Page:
Saturday, May 18, 2013

Mindset - Heartset....

   I think the one major "take away" from the two photographic retreats I attended last month, one in New Jersey and one in Kentucky, is that there are basically two ways to approach the photographic medium.  You can approach it with a mindset, which is to say, a cerebral bent or you can approach it with a heartset, which uses a more heart-centered tack.  It is another way of describing a left brain/right brain duality.  Neither approach is "wrong" but each approach appeals, or not, to different people.  The simple fact of it is, we can learn from each other and our images will improve accordingly.

   My first retreat was populated by people for whom technical considerations were, lenses, processing techniques, you get the picture.  I listen politely, you can always learn something, but pretty much kept my contemplative thoughts to myself.  That is, until someone began talking about a photographer whose approach to teaching had a sort of boot camp/survival of the fittest mentality.  On the first day he gave each person a box of camera parts and told them to "put it together"!  The thought was, if you could do it you really deserved to be in this large format workshop.  Frankly, I was appalled.  I've never been a proponent of teaching by torture.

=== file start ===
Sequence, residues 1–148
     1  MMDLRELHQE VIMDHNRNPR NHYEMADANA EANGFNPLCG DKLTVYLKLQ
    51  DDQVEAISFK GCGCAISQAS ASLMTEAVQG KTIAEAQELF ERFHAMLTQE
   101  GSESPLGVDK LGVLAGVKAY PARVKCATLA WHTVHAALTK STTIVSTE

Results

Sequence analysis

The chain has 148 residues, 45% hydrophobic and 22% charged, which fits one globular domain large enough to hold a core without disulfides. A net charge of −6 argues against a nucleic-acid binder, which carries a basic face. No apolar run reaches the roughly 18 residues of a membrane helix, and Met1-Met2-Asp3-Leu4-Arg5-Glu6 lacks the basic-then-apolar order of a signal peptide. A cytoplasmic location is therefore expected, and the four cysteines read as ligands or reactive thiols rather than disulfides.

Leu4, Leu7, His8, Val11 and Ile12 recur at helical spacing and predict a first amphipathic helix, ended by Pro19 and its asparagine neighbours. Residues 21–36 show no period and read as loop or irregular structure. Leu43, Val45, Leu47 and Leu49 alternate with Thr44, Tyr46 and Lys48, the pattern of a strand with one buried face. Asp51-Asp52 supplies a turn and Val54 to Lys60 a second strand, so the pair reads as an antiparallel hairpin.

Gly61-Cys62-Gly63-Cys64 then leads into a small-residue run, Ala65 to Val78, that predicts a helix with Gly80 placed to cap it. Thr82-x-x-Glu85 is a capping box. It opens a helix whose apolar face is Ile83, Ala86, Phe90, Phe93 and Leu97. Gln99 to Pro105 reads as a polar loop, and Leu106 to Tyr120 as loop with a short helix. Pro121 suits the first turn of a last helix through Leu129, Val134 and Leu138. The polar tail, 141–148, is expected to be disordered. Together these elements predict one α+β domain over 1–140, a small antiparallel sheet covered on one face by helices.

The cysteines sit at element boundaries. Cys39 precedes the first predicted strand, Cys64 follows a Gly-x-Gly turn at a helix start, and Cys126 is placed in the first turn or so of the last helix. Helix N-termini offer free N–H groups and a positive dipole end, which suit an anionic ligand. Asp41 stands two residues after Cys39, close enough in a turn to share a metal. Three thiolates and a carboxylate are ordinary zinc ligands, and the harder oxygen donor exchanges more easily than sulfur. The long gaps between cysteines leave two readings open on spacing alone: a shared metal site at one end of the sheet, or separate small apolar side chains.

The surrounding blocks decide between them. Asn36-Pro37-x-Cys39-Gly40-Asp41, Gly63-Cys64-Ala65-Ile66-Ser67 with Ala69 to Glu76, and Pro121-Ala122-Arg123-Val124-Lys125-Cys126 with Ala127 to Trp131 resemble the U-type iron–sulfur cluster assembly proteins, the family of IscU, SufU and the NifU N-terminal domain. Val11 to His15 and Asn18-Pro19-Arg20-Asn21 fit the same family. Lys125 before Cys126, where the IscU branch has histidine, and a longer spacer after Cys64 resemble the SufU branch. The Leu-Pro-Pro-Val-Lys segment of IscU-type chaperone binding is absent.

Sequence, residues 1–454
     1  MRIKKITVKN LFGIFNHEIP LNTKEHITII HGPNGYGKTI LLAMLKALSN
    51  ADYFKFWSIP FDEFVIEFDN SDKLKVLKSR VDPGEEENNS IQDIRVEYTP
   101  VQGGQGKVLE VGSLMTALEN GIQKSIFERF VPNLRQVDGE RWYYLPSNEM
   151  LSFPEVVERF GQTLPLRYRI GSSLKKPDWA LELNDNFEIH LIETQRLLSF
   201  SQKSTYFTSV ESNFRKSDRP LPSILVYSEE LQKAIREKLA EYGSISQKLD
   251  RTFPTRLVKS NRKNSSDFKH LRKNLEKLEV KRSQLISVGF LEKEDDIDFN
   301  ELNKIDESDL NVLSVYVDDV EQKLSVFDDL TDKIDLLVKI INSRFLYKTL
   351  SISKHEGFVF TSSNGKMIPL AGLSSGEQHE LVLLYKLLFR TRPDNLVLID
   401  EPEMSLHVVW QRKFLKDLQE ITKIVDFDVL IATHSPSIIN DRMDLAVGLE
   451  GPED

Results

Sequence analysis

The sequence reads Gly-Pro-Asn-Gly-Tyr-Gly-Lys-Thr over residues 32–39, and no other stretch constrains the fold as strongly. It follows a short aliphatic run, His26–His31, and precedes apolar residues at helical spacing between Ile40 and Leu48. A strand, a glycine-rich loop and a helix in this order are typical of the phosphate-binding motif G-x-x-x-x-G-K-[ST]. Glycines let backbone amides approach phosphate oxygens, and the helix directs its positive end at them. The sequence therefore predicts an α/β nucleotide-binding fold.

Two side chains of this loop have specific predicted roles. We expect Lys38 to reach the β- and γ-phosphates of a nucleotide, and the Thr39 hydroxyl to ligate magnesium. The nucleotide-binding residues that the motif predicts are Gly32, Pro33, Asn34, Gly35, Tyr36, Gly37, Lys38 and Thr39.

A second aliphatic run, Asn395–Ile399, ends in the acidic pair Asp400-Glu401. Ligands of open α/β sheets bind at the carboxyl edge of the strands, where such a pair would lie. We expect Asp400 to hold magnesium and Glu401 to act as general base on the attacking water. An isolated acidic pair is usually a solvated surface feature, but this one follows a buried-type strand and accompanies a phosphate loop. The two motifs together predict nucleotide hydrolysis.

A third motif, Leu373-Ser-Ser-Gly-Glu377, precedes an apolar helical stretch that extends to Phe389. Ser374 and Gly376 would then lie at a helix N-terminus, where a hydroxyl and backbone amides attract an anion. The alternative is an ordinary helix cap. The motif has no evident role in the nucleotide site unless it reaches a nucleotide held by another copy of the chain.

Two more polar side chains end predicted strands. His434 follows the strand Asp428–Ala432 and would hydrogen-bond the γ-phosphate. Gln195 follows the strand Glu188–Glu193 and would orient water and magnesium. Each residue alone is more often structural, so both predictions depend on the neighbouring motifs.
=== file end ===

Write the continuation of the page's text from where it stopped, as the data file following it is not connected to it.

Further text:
The workshop in Kentucky was entirely different.  No one compared equipment or even talked about the "hardware".  It was all about perception and the "whys" of the photographic process, not the "hows".  I felt right at home with this group of people, needless to say.  Personally, I like a blend of both approaches; I want my images to look as good as they can be but, in the finally analysis, it is the content that matters most to me. Mindset photographers can, in the extreme, be a bit elitist.  Heartset photographers tend to be more egalitarian.  I can imagine what the first group in New Jersey would have said if I'd whipped out my I-Phone when we went to photograph at the Zimmerman farm as they assembled their (very expensive) large format box cameras!

    Every photographer, at some point, must come to terms with this duality of approaches (and this also applies to the processing of the image as well.)  Do the technical considerations override the contextual?  As one who tries to follow a Taoist approach in life I'd say, take the middle ground but follow the path that suits you best.  Just because you are following a different path doesn't mean you are lost!


No comments: